2005

FRANKLIN, DROPIJAH.  2005.  Introduction to GrADS. Experimewntal Mechanics. : IGAG Climate Prediction and Applications Centre
FRANKLIN, DROPIJAH.  2005.  Numerical Simulation of the Influence of Urbanisation on Convective Activities over Nairobi City. Experimewntal Mechanics. : International Human Dimensions Programme
FRANKLIN, DROPIJAH.  2005.  Tropical Meteorology I. Experimewntal Mechanics. : University of Nairobi
FRANKLIN, DROPIJAH.  2005.  Tropical Meteorology II. Experimewntal Mechanics. : University of Nairobi
FRANKLIN, DROPIJAH.  2005.  General Circulation and Climatology. Experimewntal Mechanics. : University of Nairobi

2004

Opijah, FJ, Mukabana JR.  2004.  On the influence of urbanization on the water budget in Nairobi city: A numerical study. AbstractOn the influence of urbanization on the water budget in Nairobi city: A numerical study

The impact of the growth and development of the City of Nairobi on the water budget is simulated using a high-resolution limited-area numerical model. The water substance fields are modelled with full physics in a control experiment. Five sensitivity experiments are then performed by altering the land-use/cover over the domain of study to assess the influence of the city, forests and terrain undulations on the water substance fields. Results showed that the highest evaporation occurred in areas of the study domain with open grasslands/scattered bush-land's vegetation types and the least at the city centre. Deforestation would lead to a substantial increase in the loss of water effected through evaporation despite a reduction in transpiration. The observed rainfall amount and frequency were highest in the high ground portions to the northwest of the study domain. Numerical analyses showed that the urban heat island had a destabilizing effect on the flow, which enhanced convection that resulted in increased rainfall downwind of the urban area. Further growth and expansion of the city of Nairobi would increase the area and amount of rainfall received. Deforestation would decrease rainfall amounts. Massive reforestation would increase the observed rainfall. There has been a decrease in soil moisture at the current location of the city centre; the decrease is bound to increase with the expansion of the city. The City of Nairobi has resulted in a large decrease in the soil moisture through converting the natural fabric to concrete/asphalt material. Deforestation would result in a marginal decrease in the soil moisture. Further growth and development of Nairobi City would modify the water substance budget appreciably.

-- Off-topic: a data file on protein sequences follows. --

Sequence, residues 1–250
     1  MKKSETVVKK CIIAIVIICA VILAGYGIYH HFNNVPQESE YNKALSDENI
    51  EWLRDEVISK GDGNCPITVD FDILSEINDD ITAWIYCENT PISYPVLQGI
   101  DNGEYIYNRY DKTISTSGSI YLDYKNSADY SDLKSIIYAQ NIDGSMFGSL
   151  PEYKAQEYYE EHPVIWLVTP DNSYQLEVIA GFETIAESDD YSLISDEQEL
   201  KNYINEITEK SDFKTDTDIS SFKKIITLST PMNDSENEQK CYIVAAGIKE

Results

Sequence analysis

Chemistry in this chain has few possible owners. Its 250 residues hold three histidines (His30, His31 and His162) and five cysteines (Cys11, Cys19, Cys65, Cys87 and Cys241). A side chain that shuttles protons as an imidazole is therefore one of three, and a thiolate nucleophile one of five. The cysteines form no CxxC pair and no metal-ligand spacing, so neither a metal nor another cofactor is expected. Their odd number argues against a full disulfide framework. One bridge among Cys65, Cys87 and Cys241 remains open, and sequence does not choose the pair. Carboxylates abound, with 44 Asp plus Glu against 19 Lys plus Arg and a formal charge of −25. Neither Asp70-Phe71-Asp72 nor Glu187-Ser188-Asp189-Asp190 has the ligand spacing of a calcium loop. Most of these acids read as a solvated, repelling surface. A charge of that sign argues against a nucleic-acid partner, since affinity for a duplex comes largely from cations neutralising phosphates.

FRANKLIN, DROPIJAH.  2004.  Advances of Numerical Weather Prediction over the GHA Region. Experimewntal Mechanics. : IGAD Climate Prediction and Applications Centre
FRANKLIN, DROPIJAH.  2004.  Introduction to Unix. Experimewntal Mechanics. : IGAG Climate Prediction and Applications Centre

2003

FRANKLIN, DROPIJAH.  2003.  Principles of Numerical Weather Prediction. Experimewntal Mechanics. : IGAD Climate Prediction and Applications Centre
FRANKLIN, DROPIJAH.  2003.  Introduction to Meteorology I. Experimewntal Mechanics. : University of Nairobi

2000

Opijah, FJ.  2000.  Numerical Simulation of the Impact of Urbanization on the Microclimate over Nairobi Area. (Ng'ang'a, J.K., Mukabana, J.R., Eds.)., Nairobi: Nairobiphd.doc
FRANKLIN, DROPIJAH.  2000.  Numerical Simulation of the Impact of Urbanization on the Microclimate over Nairobi Area. Experimewntal Mechanics. : University of Nairobi

1993

FRANKLIN, DROPIJAH.  1993.  Mathematical Modelling of the Development of the Convective Planetary Boundary Layer in Nairobi.. Experimewntal Mechanics. : J. African Meteor. Soc.

1992

FRANKLIN, DROPIJAH.  1992.  The Boundary-Layer Flow-Field Regime over Nairobi. Experimewntal Mechanics. : University of Nairobi